David: Well, the product uses the blockchain you - it is, in fact not legal to put identity on the blockchain. So anybody who says or putting data on the blockchain is actually likely breaking privacy rules because the European privacy rules the Canadian privacy rules. Now the California rules. The rules basically say that consumer must have the ability to remove their data from a system and beyond removing any trace of that data has to be forgotten. If you put it on the blockchain because the blockchain is immutable, that's an impossibility. So what we've done is we've developed a system that uses the blockchain, only to hold what we would call a marker. And a marker to us is binary, you know, it's one or zero, on off true false, yes, no pass fail. We can put that marker on a blockchain registry. So when a registry that is connected to a database, a blockchain database, and we can say: You're not only verified, but that verification is connected to an online wallet, an online piece of data. It might be a field record for a hospital. Or it could be a educational record, that you are verified, you have passed verification. If anything ever changes, we can update or send a new marker that says you have failed. So when you think about it, for financial transactions, somebody who might be good today and passes everything in that moment in time, which is traditionally identity verification is done. And that's through a process called know your customer, or KYC, and anti money laundering check. We can keep that in compliance, or continuous. And make sure that, that you're not only good today, but you're good tomorrow and the day after, the day after that and so on. So it's a big change. We've really reinvented the process, in our opinion, of identity verification for digital use.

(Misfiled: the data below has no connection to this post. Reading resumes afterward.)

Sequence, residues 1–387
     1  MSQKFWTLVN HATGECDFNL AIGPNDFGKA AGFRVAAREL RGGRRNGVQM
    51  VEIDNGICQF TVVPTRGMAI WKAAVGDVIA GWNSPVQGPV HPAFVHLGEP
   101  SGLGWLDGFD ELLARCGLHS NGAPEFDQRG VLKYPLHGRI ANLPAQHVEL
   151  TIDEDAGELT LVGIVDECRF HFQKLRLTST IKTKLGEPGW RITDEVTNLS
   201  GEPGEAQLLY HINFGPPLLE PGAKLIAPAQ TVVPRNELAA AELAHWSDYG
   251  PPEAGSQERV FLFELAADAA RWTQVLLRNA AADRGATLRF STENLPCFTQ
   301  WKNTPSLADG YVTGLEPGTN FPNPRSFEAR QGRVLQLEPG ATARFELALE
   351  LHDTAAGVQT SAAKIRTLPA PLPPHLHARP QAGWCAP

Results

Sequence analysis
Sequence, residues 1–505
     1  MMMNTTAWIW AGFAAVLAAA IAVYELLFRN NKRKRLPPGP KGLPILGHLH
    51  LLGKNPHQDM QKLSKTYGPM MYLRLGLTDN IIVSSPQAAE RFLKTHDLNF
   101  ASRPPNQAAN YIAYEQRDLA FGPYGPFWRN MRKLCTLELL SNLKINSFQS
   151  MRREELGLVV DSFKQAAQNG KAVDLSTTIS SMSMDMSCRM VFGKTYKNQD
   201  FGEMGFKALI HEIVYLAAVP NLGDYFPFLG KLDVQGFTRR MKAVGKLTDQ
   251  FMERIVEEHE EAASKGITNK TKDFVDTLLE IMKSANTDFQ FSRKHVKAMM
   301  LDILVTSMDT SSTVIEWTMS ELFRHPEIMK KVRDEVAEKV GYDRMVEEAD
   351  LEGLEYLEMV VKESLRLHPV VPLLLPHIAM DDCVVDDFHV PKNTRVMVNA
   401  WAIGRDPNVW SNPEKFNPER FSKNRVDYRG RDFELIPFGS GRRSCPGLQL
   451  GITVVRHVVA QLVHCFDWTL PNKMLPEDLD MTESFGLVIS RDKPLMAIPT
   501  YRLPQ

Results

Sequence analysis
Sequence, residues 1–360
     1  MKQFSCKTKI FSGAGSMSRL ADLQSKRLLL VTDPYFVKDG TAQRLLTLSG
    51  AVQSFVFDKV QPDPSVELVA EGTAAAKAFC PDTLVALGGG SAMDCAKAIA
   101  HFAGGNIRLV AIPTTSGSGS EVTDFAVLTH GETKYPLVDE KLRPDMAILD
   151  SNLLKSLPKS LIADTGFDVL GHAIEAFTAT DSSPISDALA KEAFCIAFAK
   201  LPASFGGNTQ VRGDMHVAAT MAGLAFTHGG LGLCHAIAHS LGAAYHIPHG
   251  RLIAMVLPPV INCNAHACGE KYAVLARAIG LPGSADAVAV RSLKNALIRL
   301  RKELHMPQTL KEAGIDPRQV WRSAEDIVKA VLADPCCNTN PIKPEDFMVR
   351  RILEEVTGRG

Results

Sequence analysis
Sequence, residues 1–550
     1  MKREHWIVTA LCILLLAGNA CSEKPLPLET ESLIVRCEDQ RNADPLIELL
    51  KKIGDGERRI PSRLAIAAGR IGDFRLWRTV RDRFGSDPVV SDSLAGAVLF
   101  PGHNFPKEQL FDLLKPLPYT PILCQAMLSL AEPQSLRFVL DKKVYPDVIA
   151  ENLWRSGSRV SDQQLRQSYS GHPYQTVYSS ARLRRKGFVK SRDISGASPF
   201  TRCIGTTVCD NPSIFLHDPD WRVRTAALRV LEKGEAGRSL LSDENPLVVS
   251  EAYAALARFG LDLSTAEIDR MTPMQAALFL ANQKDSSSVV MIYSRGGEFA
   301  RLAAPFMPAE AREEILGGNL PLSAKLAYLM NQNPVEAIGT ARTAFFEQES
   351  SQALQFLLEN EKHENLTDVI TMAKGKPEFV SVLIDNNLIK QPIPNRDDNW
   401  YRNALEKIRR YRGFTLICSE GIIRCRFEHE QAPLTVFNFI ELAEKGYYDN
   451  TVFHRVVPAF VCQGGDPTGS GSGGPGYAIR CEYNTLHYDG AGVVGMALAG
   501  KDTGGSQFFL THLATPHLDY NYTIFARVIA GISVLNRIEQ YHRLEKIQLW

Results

Tristram: So in other words, you really streamline the process for a basic, almost fundamental thing for everything we do in life.